What models suggest are likely futures can inform real-world decisions, such as when to run a vaccine clinic. Eric Lee for The Washington Post via Getty Images

Past reliability, confidence for future

Because Scenario Modeling Hub projections can inform real public health decisions, it is essential that we provide the best possible information. Holding ourselves accountable in retrospective evaluations not only allows us to identify places where the models and the scenarios can be improved, but also helps us build trust with the people who rely on our projections.

Our hub has expanded to produce scenario projections for influenza, and we are introducing projections of respiratory syncytial virus, or RSV. And encouragingly, other groups abroad, particularly in the EU, are replicating our setup.

Scientists around the world can take the hub-based approach that we’ve shown improves reliability during the COVID-19 pandemic and use it to support a comprehensive public health response to important pathogen threats.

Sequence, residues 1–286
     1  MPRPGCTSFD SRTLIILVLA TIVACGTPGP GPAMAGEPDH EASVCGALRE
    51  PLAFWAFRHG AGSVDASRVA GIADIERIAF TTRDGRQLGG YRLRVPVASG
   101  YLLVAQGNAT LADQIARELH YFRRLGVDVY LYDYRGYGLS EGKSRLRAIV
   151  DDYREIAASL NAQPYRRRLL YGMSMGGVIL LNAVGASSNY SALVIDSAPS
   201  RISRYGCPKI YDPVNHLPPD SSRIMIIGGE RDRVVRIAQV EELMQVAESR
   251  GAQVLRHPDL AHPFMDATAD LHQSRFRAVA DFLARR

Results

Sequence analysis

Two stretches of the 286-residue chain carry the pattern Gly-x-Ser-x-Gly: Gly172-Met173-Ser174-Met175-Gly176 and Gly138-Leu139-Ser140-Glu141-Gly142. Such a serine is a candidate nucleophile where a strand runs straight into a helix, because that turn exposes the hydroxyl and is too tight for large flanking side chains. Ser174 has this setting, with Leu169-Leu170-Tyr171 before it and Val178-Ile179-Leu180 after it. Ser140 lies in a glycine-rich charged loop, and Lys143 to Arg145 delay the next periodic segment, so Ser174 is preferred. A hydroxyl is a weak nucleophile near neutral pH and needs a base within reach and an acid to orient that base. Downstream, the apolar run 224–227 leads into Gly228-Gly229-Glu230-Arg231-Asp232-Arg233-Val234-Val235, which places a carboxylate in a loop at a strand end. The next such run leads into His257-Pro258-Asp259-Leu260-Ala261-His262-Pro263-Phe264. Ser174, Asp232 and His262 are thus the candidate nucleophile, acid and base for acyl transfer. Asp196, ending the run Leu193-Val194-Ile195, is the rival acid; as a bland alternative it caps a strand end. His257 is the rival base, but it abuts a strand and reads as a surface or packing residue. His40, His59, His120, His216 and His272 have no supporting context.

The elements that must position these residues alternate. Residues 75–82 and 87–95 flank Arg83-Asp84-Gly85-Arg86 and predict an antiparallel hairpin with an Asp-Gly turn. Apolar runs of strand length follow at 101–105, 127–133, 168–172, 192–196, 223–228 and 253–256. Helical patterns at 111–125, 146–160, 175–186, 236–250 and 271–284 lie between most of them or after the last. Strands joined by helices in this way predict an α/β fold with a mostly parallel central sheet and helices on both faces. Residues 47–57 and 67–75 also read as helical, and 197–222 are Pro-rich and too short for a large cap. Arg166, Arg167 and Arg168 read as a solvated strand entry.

Emily Howerton, Postdoctoral Scholar in Biology, Penn State; Cecile Viboud, Senior Research Scientist, National Institutes of Health, and Justin Lessler, Professor of Epidemiology, University of North Carolina at Chapel Hill

This article is republished from The Conversation under a Creative Commons license. Read the original article.

Charlene

Charlene is a Bay Area journalist who hails from the small community of Fresno. Drawing from her experience writing for her college paper, Charlene continues to advocate for free press and local journalism. She also volunteers in all the beach cleanups she can because she loves the water.